The greatest strengths of this book lie in Part II, where Nelson takes the reader into the lab to view the quotidian work of animal experimentation. Chapter 3 develops the concept of the “epistemic scaffold.” Built up from provisional arguments and evidence, the scaffold is a flexible and mobile platform that scientists use to generate more enduring findings. Using the example of the Elevated Plus Maze experiment, in which mice move between enclosed and unenclosed elevated walkways, Nelson shows how experimenters mobilize different kinds of evidence that link mouse movements to anxiety-like behaviors. Going further, Nelson details how animal behavior geneticists collectively build up and break down their own scaffolds to grapple with the complexity of animal behavior, and to maintain disciplinary credibility in the eyes of funders and researchers from other fields. Provisionality and contingency are the name of the game in this domain of knowledge production and the means by which researchers establish cultural capital.
Chapter 4 continues the foray into laboratory work by detailing the production of “epistemic by-products.” Here we see researchers fixated on controlling a plethora of stimuli (everything from corn husk bedding to deodorant use) in an attempt to account for the messy confluence of environmental and genetic factors in behavior. And while their published work centers on genetics, the unpublished environmental observations made in the lab both validate these claims and inform longer-term research programs. Like scaffolding, managing and valuing epistemic by-products is a collective endeavor, one that informs broader discussions about how best to produce knowledge about the genetics of behavior.
Part III scopes out beyond the laboratory to examine how animal models shape scientific and cultural understandings of psychiatric disorders. Pushing against arguments that geneticists employ reductionist and medicalized ideas about drinking behavior, Nelson elaborates the binge drinking model to show how experimenters account for situational triggers to more accurately reflect the biological and structural factors that lead to binge drinking. But although scientists employ a high degree of “interpretive flexibility” in their analyses of experimental results, such flexibility is largely invisible to the non-specialist, and Coast researchers therefore feel as though they have little power to shape popular messages about genes and behavior. Nelson here argues for the importance of ethnography in informing public perceptions of genetics. She insists that it is critical to explore the culture of careful claims-making and the flexible interpretations that underpin them if we want to create interventions that are based on shared commitments rather than antagonisms between geneticists and popular audiences. Precisely how non-specialists like journalists and other media contributors might engage more rigorously with the processes of knowledge production that Nelson describes remains unclear. Nevertheless, a recognition of the provisionality of scientific knowledge, and a more patient reading of scientists’ carefully calibrated truth claims are surely first steps in fostering such shared commitments. Nelson provides a strong model for anthropologists and scholars in the social studies of science to begin this work.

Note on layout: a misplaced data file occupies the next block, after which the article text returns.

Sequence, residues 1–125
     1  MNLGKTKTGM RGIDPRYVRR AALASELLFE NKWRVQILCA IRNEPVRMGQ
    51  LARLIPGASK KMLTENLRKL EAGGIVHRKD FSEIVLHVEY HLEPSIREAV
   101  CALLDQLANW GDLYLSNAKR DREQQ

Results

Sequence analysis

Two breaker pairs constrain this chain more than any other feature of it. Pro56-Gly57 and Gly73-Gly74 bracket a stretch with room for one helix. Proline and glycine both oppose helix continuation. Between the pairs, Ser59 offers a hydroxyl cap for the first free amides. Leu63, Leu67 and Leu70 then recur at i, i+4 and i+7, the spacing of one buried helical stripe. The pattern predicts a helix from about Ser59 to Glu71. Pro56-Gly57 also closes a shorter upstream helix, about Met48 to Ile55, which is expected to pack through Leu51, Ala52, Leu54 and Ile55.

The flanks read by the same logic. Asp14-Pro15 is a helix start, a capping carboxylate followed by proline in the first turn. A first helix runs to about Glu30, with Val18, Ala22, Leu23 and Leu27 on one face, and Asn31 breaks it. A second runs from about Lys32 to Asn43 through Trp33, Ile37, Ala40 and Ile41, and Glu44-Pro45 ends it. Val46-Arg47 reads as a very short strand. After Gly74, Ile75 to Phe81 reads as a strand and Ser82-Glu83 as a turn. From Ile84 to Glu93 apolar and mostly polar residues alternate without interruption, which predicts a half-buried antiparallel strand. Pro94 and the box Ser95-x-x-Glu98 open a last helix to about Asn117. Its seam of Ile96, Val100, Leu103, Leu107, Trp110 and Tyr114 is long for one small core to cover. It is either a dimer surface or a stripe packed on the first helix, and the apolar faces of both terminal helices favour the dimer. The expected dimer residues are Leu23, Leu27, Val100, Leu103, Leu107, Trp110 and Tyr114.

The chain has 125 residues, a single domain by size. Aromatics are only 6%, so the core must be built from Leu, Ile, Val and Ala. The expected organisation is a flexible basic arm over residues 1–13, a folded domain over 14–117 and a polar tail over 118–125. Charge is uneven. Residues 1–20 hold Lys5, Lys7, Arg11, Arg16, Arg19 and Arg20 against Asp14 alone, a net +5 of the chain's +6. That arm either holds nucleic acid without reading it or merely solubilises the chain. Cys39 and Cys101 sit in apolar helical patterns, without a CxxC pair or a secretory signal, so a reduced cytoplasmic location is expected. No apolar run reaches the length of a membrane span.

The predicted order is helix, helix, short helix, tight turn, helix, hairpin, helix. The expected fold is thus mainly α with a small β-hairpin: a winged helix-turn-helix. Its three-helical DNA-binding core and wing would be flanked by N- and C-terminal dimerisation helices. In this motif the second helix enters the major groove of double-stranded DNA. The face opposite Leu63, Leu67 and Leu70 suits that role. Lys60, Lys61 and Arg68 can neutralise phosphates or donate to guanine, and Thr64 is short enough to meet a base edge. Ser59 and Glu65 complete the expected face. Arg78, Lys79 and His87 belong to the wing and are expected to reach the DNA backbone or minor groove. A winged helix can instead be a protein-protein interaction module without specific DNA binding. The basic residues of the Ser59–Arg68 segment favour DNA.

Model Behavior is an engaging and meticulously argued account of the ways in which complexity animates experimental practice. It is a must read for anthropologists interested in mental illness, laboratory work, and the social study of genomics. In a protracted moment of postgenomic scientific uncertainty, characterized by accusations of reductionism and the rise of big data approaches to behavior, Nelson provides a fresh view onto the well-trodden terrain of the laboratory to show how epistemic communities grapple with complexity and contingency in their everyday work. In doing so, she paints a picture of experimentation as a process that, rather than seeking to reduce and manage complexity, actively pursues and compounds it. Here, then, is a new vision of animal models whose purpose is not to find universal biological truths, nor make transspecific comparisons, but rather to capture specific behavioral processes and to engender more careful methodologies and multidisciplinary collaborations. This book is a critical step in developing medical anthropology and STS theorizations of how scientists preserve uncertainty as they build research programs.